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Does Plan B Prevent Fertilization?

There is no data that shows that Plan B (morning after pill, day after pill, post coital contraception, day after contraception) directly interferes with the fertilization process. There is a lot of data that shows that Plan B works only prior to the LH surge and ovulation. The theoretical incidence of pregnancy does not decrease when taking Plan B after ovulation which is turn suggests that it has no effect on the fertilization process.

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Does the Intrauterine Device (IUD) Prevent Fertilization?

The IUDs major effect is to induce a local inflammatory reaction in the endometrium where cytokines, macrophages and other cellular and humoral components are released into the uterine cavity which disturbs the functioning of the endometrium and myometrium and changes the microenvironment of the uterine cavity. The Copper IUD accentuates the inflammatory response which disturbs the physiology of the gametes in the female genital tract, or destroys the viability of the embryos or endometrial receptivity to implantation. Studies on the recovery of eggs reveal that embryos are formed in the tubes of IUD users at a significantly lower rate compared to non-users.

The IUDs primary effect is ovicidal (death of the ova) or dysfunction of the ovary that prevents fertilization from occurring.

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Does Plan B Interrupt Fallopian Tube Function?

Fertilization takes place in the fallopian tube. There are studies in animals that show that estrogen and progesterone can speed up or slow down the transport of ova in the fallopian tube. Therefore; Plan B could indirectly prevent pregnancy by interrupting the transport of fertilized ova through the fallopian tube and by the time the ova arrives in the uterus, it is not able to implant or undergo the decidualization process. If Plan B (morning after pill, day after pill, post coital contraception or day after contraception) does slow down movement of the ova through the oviduct there should be an increased risk of ectopic pregnancy. Combined data from several clinical trials involving nearly 6000 women showed the actual rate of ectopic pregnancies in women who had used Plan B to be 1.02%, which is slightly lower than overall national ectopic pregnancy rates (1.24%-1.97%). This does not show that Plan B prevents normal movement of the fertilized ova through the fallopian tube.

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Does the Intrauterine Device Interrupt Fallopian Tube Function?

There is no evidence that the IUD speeds up or slows down the movement of an oviduct or fertilized egg through the fallopian tubes. The incidence of pregnancies are significantly decreased. Chemical pregnancies occur in .9% of patients who have an IUD in place. Not only does the IUD decrease the number of pregnancies, but the incidence of ectopic pregnancy rate with the IUD in place is less than 1% which is less than the overall incidence of ectopic pregnancies in national studies of between 1.24% and 1.97%. This does not show that IUDs prevent normal movement of the fertilized ova through the fallopian tube.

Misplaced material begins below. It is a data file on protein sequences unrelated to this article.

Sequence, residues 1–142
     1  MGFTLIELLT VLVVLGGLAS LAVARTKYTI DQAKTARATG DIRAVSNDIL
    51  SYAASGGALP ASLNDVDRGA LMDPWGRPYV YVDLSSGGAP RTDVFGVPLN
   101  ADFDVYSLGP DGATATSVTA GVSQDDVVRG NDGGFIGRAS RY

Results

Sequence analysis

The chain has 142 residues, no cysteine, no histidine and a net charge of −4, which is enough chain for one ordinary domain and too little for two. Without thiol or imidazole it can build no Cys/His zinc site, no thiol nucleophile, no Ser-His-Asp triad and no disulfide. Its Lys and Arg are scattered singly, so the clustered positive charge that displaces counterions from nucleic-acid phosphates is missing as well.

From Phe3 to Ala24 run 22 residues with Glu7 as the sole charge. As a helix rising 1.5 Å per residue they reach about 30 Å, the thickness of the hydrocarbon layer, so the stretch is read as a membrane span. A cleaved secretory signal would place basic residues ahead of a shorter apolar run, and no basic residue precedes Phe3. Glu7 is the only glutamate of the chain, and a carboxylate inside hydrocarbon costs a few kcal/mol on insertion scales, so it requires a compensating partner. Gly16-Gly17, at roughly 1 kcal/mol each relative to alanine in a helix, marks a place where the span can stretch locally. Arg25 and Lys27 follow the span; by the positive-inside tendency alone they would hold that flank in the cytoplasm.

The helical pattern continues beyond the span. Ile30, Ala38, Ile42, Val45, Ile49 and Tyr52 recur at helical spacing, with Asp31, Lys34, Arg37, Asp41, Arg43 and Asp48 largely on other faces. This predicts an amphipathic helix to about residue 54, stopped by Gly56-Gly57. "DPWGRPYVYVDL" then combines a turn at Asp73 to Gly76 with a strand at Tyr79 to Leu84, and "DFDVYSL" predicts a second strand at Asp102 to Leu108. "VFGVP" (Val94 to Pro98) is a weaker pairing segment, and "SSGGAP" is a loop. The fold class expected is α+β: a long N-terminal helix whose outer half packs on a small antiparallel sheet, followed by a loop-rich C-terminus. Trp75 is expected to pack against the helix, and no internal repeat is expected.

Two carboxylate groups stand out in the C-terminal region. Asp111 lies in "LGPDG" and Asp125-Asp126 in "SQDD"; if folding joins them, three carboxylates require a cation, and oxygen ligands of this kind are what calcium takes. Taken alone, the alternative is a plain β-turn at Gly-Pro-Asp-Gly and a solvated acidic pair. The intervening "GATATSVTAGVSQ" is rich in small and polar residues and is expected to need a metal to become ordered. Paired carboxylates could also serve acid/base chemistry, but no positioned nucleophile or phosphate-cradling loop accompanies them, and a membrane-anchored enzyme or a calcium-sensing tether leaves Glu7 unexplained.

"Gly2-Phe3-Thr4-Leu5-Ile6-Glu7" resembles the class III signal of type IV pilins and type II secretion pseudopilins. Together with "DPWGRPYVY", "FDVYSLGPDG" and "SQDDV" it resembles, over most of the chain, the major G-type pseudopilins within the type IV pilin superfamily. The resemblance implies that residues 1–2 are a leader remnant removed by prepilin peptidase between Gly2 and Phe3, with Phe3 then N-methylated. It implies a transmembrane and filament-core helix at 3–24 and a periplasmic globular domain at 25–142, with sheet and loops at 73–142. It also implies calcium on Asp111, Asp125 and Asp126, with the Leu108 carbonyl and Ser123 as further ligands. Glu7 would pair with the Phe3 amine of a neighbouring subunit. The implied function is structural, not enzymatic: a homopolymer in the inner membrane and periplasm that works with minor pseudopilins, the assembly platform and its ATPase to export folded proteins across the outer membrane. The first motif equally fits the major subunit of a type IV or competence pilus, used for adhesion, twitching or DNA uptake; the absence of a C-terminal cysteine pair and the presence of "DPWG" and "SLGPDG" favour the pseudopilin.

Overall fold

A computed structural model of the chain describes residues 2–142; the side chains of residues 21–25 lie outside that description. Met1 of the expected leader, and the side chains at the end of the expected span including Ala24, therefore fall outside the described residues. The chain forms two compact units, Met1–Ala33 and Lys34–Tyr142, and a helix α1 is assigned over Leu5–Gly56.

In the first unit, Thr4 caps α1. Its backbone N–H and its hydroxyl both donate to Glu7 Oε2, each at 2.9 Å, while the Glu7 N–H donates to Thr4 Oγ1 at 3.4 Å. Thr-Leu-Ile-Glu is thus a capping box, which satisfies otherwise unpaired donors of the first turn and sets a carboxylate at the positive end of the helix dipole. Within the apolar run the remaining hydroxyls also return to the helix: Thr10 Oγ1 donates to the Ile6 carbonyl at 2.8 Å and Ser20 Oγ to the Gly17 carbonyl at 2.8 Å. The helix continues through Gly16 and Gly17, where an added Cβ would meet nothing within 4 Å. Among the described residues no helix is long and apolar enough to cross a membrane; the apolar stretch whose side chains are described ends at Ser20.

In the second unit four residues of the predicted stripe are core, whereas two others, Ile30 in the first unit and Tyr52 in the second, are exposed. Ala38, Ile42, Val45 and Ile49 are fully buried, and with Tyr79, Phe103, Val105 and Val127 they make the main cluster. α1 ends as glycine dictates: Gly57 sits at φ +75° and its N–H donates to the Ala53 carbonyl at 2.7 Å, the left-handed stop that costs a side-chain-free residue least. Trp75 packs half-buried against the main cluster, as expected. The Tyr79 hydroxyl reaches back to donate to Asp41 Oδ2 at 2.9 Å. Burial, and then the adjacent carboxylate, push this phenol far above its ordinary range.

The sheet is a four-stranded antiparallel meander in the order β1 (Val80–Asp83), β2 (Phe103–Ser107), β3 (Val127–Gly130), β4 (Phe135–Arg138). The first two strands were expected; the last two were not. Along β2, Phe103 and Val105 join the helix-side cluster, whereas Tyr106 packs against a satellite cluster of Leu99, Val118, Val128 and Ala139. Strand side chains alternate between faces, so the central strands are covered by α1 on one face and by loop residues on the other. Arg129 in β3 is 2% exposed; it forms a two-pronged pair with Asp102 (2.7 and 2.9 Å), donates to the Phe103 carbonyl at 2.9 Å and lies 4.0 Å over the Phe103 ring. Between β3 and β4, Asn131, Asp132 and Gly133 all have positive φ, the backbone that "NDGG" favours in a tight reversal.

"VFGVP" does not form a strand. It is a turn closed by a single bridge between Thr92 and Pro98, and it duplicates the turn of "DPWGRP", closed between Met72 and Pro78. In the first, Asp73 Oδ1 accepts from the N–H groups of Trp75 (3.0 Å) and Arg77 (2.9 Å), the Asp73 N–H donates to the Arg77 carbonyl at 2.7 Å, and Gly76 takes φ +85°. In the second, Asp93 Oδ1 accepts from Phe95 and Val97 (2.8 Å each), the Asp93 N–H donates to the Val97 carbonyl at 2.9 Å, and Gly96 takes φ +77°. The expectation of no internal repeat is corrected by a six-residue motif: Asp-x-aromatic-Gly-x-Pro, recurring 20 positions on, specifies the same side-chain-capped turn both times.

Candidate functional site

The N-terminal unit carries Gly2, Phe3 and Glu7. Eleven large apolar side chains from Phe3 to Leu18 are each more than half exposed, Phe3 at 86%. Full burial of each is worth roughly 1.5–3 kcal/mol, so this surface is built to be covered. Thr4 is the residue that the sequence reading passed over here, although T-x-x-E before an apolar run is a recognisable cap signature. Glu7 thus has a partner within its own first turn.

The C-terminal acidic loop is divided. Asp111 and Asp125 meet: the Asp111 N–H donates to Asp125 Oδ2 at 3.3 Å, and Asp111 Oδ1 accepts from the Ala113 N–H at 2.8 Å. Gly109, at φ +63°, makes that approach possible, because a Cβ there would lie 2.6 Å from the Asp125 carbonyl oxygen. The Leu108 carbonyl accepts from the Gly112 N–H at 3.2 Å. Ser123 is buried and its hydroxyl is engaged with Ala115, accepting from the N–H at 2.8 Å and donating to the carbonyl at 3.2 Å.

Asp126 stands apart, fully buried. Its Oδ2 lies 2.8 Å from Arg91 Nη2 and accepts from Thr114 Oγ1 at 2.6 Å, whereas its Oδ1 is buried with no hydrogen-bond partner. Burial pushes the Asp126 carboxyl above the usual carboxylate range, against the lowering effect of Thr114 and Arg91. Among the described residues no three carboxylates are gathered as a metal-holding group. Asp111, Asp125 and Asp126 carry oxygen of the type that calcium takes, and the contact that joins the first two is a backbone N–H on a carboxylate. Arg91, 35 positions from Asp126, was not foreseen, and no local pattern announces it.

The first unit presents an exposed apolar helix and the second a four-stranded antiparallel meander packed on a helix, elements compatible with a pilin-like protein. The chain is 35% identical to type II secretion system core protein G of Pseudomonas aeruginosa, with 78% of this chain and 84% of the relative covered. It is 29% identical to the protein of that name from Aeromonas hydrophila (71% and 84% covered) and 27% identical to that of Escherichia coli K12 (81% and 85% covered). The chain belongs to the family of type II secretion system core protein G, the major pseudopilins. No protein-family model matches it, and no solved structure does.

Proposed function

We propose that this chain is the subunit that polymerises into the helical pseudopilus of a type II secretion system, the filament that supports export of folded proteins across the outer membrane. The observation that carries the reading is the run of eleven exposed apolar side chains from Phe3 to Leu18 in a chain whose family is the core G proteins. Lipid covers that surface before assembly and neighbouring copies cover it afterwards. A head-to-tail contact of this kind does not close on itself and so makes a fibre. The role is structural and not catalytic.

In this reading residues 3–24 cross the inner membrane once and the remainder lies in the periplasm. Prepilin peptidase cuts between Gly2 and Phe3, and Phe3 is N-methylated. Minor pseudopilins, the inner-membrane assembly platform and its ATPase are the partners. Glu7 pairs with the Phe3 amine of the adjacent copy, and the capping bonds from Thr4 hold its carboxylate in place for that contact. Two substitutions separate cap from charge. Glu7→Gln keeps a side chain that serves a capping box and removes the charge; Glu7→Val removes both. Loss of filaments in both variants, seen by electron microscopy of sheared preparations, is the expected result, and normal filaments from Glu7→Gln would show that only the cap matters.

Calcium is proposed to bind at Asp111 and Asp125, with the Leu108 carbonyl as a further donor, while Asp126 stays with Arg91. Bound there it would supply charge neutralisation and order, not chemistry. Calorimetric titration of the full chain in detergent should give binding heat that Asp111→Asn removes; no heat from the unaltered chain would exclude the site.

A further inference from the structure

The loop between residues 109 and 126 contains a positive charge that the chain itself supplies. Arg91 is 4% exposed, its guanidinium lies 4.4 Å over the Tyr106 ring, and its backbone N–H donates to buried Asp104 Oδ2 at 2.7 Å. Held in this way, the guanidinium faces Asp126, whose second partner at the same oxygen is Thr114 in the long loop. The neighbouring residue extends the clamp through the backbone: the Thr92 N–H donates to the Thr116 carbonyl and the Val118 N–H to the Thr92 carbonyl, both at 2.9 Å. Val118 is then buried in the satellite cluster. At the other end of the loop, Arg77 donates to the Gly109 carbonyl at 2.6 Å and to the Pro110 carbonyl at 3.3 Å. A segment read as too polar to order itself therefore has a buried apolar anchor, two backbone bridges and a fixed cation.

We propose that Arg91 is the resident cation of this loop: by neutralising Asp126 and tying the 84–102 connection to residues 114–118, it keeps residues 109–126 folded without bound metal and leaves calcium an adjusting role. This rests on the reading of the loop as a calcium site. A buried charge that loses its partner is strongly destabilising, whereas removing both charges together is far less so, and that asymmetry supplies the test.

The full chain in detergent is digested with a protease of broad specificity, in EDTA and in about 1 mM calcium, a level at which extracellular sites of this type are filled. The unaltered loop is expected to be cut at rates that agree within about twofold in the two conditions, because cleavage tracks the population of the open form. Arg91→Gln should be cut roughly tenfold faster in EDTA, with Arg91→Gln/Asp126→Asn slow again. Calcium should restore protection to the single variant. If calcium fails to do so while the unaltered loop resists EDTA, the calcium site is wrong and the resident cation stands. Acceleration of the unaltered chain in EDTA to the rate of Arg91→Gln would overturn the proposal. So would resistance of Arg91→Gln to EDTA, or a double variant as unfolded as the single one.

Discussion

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Does Plan B affect Significant Changes in Endometrial Structure or Physiology such to prevent implantation of a fertilized ova?

There are several studies that address this question to determine what changes occur in the endometrial mileau when Plan B (Emergency contraception, morning after pill, day after pill, post coital contraception, day after contraception) is given. Even if significant changes do occur, it really does not mean that Plan B’s affect at other previous steps prior to the ova entering the uterine cavity is not the prime reason or only reason for how Plan B works. Endometrial biopsies were taken 8 to 9 days after Plan B was taken which corresponded to ovulation. The endometrium revealed either minimal or no changes in microscopic appearance or biochemical markers. Another study found diminished amounts of endometrial glycodelin A in a few women who had received Plan B. Since glycodelin A appears to play a role in adhesion of the embryo to the endometrial surface, such an effect could be a mechanism by which Plan B interferes with implantation. However, in this study endometrial glycodelin A was affected only in those women who took Plan B prior to ovulation which it primarily prevents. Thus the effect of inhibition of ovulation by Plan B may be the reason for the diminished amounts of glycodelin.